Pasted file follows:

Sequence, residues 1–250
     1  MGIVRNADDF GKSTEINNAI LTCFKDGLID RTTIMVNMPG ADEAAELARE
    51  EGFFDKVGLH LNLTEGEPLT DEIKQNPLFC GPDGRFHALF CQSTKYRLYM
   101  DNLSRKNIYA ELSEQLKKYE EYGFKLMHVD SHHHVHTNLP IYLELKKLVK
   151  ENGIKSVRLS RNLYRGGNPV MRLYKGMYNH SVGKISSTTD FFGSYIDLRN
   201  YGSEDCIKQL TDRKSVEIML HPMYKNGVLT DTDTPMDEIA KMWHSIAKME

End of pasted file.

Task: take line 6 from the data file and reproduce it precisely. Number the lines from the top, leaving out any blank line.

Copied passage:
   201  YGSEDCIKQL TDRKSVEIML HPMYKNGVLT DTDTPMDEIA KMWHSIAKME